For a Trip Back to Prohibition, Dive Straight Into a Twelve Mile Limit
The Twelve Mile Limit
Courtesy Gran Electrica
Brian Smith, beverage director at both Colonie (127 Atlantic Avenue, Brooklyn; 718-855-7500) and Gran Electrica (5 Front Street, Brooklyn; 718-852-2789), can thank the pages of Vintage Spirits and Forgotten Cocktails by Ted Haigh for introducing him to the Twelve Mile Limit. While bartending in Seattle, Smith was introduced to Haigh's classic cocktail manual, which is where he learned all about the origins of a drink that would soon become one he couldn't leave out of his arsenal.
The drink stuck with Smith throughout his years behind the bar; "I always liked the profile about it a lot. I love that it's firmly rooted as a prohibition cocktail" Smith says. He also notes the drink was named after the line of demarcation related to the Volstead Act, which was originally three miles off the U.S shore, but later moved to twelve in order to bolster the government's odds against bootleggers. Those extra nine miles added rye whiskey to the rum and brandy-heavy "three mile limit," which sits just fine with Smith. The drink is a favorite of Smith's because it requires the use of freshly-made grenadine, an ingredient he loves to make.
The use of grenadine is important - as in most prohibition-era drinks; part of a ruse that you can still get away with a bit of mystery if the cops — or mom — pops in. Though Smith feels that the drink's up-front notes of pomegranate and lemon-tart finish could classify the drink as "deceptive," fans of booze-forward drinks will still feel satiated by the taste of rum, rye, and cognac. "Rum is great because it's a story of the island it came from," Smith says. The mix of spice and heat from the rum and rye help balance the sweet and tart flavors found from the citrus and simple syrup. And while the drink may look too fancy to some, it packs plenty of intrigue. "The first thing you taste is not the last thing you taste," Smith notes, adding the drink moves "symphonically" over the palette.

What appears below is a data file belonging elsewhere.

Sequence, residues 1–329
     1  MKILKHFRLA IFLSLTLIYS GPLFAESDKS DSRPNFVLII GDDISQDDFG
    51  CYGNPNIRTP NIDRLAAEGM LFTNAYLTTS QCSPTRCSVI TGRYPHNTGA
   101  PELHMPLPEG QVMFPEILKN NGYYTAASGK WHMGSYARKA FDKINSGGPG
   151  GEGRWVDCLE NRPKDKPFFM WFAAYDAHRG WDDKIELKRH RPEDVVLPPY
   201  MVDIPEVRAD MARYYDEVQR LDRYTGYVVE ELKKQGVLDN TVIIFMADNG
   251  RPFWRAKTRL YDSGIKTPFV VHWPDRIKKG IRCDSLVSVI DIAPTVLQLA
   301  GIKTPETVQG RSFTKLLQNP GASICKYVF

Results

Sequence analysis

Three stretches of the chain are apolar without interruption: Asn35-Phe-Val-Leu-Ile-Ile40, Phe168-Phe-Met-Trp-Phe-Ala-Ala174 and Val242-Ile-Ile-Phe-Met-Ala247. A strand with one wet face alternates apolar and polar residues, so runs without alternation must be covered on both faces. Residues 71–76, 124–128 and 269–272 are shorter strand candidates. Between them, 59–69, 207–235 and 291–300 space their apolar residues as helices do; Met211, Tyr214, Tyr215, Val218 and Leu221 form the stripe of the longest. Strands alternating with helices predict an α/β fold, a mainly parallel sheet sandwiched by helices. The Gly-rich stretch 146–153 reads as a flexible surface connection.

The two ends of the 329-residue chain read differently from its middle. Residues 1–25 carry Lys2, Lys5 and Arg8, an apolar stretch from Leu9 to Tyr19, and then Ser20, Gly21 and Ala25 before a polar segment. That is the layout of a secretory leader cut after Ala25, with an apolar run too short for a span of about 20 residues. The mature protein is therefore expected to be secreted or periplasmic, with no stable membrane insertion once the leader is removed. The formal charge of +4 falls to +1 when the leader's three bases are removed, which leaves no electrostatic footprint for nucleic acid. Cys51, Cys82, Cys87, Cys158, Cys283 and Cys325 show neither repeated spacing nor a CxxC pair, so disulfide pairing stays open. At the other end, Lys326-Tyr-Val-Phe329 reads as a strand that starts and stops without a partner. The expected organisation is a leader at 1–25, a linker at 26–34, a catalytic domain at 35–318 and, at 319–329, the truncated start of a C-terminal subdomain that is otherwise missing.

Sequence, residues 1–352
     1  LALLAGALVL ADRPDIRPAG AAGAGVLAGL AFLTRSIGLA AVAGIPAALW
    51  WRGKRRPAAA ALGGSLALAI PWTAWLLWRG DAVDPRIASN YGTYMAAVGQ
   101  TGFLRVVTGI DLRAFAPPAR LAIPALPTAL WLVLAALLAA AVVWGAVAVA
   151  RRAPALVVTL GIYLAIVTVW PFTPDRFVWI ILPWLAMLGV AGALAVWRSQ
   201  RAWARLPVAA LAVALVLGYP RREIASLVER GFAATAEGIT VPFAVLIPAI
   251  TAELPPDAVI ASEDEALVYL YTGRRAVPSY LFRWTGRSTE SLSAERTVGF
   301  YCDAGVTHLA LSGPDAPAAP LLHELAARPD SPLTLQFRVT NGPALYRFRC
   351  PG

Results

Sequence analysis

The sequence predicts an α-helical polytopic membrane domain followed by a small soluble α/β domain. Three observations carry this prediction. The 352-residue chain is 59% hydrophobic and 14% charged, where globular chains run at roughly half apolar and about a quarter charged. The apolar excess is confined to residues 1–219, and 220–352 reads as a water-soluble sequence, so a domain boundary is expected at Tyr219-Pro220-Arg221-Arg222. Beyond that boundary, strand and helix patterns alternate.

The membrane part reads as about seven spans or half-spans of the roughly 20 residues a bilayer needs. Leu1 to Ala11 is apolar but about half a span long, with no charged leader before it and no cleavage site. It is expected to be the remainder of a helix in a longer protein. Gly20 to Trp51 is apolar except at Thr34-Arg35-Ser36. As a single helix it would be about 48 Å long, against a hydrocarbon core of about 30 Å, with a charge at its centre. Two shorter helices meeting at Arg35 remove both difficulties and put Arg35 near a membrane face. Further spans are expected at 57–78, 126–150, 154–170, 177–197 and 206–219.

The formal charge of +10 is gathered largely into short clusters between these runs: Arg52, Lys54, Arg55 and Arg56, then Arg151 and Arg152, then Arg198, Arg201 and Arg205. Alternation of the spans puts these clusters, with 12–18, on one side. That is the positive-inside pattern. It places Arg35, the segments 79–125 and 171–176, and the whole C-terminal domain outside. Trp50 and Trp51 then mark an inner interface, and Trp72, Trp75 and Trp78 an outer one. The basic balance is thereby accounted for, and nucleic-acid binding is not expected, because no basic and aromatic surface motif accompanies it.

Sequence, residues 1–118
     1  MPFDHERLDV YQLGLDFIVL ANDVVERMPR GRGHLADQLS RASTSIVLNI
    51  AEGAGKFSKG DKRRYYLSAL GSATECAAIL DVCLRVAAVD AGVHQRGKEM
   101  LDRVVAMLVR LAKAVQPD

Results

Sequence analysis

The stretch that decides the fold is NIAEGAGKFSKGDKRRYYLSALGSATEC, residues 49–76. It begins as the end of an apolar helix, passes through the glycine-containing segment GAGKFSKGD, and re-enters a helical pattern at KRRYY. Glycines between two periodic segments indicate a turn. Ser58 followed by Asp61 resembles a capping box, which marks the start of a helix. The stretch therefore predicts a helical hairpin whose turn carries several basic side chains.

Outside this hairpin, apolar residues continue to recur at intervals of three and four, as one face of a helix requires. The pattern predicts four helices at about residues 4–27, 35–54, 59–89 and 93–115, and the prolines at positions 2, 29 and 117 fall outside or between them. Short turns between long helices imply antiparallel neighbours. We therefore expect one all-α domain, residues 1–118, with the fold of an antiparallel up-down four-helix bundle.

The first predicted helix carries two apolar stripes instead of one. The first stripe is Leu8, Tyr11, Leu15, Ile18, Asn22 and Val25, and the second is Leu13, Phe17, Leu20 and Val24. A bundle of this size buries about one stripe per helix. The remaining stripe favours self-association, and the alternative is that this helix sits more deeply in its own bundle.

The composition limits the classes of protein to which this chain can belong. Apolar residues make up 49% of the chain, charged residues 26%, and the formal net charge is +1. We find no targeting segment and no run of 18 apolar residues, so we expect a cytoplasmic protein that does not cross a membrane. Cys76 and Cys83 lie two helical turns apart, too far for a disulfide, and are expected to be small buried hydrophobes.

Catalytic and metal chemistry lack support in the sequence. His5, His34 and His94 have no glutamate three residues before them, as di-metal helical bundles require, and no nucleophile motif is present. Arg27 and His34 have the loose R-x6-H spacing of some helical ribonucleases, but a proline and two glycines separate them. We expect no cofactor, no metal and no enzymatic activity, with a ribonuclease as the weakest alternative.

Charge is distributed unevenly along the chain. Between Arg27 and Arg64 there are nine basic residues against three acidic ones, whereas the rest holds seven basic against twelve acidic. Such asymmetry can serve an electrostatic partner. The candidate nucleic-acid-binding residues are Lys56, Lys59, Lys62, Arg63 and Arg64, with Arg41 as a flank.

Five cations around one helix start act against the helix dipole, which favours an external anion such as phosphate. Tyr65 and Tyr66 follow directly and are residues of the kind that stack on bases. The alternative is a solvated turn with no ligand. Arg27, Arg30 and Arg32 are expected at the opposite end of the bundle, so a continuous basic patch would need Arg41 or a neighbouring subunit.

Although he can always grab a Twelve Mile Limit at Colonie, Smith enjoys visiting Clover Club and Long Island Bar for other well-made cocktails too. Below, find the recipe Smith uses for a quick trip off the island.
Twelve Mile Limit by Brian Smith
1 ounce of white rum (Smith likes El Dorado 3 Year rum)
Half ounce of rye whiskey (Smith opts for Rittenhouse bonded rye)
Half ounce of Cognac (Paul-Beau cognac is suggested)
Half ounce of homemade grenadine *
Half ounce of fresh-squeezed lemon juice
Mix all ingredients in a shaker and shake, strain into a coupe or a martini glass. Serve up, garnished with lemon twist.
*To make home made grenadine:
Mix equal parts by volume of sugar and pomegranate juice in a saucepan. Cook on low heat to dissolve the sugar. Remove from heat and pour into bottle.
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